‘Tis the season for wish lists and gift giving. And all around the interwebs, you can find ways to fill both needs.
However, even throughout the year, each of us has an additional wish list that we aren’t necessarily sharing with others; almost an unspoken wish list, if you will.
Things that even money can’t buy. Heart level things.
Like the mending of a hurtful relationship with your mother or father. Or the opportunity to finally quit your job and pursue something you love. Or the relentless longing for a child to fill your heart and home.
We may gather round dinner tables or smile across the church aisle over the next few weeks as if all is merry and bright, but deep down, many of us are wishing for something far more grand than a beautifully wrapped present under a tree.
One more hour. One more day. One more month. One more year.
At some point in our lives, each of us has had to wait.
Waiting. Waiting. Always waiting.
For the wonderful news of a healthy baby girl. Or for the devastating news that cancer has returned. For the word on the job found or a job lost.
Waiting is a universal part of the human experience, and I believe that God allows seasons of waiting to grow, to slow us. To invite us to wade into the deeper, hidden parts of our hearts, beyond the right here, right now, me first perspective. That we may rightly see our sin-filled hearts, recognize our great need for a Savior, and be offered the eternal hope and comfort that comes only through the cross of Jesus Christ.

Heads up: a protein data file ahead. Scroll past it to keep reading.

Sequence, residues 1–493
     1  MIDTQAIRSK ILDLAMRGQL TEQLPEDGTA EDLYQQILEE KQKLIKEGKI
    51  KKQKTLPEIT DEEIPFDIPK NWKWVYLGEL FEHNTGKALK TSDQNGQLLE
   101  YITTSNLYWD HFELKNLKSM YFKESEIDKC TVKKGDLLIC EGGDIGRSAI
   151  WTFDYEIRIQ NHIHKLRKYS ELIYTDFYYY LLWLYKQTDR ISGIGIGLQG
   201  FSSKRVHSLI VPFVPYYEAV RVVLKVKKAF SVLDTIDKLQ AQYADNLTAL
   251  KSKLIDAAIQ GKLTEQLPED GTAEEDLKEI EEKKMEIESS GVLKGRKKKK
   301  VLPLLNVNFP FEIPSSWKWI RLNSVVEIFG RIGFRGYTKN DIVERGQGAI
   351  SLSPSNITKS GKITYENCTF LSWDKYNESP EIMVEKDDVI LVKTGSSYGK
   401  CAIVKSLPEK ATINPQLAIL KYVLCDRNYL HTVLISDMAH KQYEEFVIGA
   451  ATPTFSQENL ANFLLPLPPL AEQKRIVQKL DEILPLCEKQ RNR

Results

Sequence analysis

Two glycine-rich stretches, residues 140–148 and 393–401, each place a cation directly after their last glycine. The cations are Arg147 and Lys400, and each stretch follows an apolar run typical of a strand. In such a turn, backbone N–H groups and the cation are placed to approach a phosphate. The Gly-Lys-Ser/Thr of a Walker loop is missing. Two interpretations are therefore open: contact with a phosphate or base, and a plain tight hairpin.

The beautifully wrapped packages, the gorgeously decorated tree, the perfectly prepared meal. This time of year we all begin to make our dream lists about creating the warmest of holiday celebrations for our families.
While the details of our visions may vary, our hopes are similar. We want those who fill our homes over the holidays to feel loved, welcomed, and celebrated, with nothing missing from the picture perfect vision in our heads.
And so we hustle to the stores, bustle around the kitchen, and keep our hands busy prepping and planning so that the holidays can be all they were meant to be.
But, friends, have you ever felt harried by the holiday hustle? Does the stress of meal planning, house tidying, gift buying, and guest hosting wear you thin rather than fill you up?
If so, then I am here to tell you that you are not the only one.
The season of Thanksgiving is upon us. A time for feasting and fellowship, family and friends.
However, despite its name and festivities, this season of giving thanks can quickly be overshadowed with grocery prep, holiday planning and black Friday shopping.
So, friends, how do we slow down long enough to sincerely be thankful for all that we have before making lists of all the stuff that we still want?
“For Jesus had commanded the evil spirit to come out of the man. Many times it had seized him, and though he was chained hand and foot and kept under guard, he had broken his chains and had been driven by the demon into solitary places.” (Luke 8:29, NIV)
I have read the story of the demon-possessed man named Legion multiple times. I am most familiar with the version in Matthew 8 and Mark 5, however, as I was having my quiet time this morning, I found myself once again reading about the naked lunatic in Luke 8.
And something struck me that I had not read before.
Three years ago this spring I found out I was pregnant. Instead of rejoicing over the little miracle that was growing inside my belly, I was angry and confused at the Lord.
Our marriage was struggling, I often felt like a single parent to our two older children plus I had no family support system nearby. Adding a baby to the mix seemed like the last thing we needed.
If I was the camel, then this was the last straw for me. I broke. I simply couldn’t understand what the Lord was doing.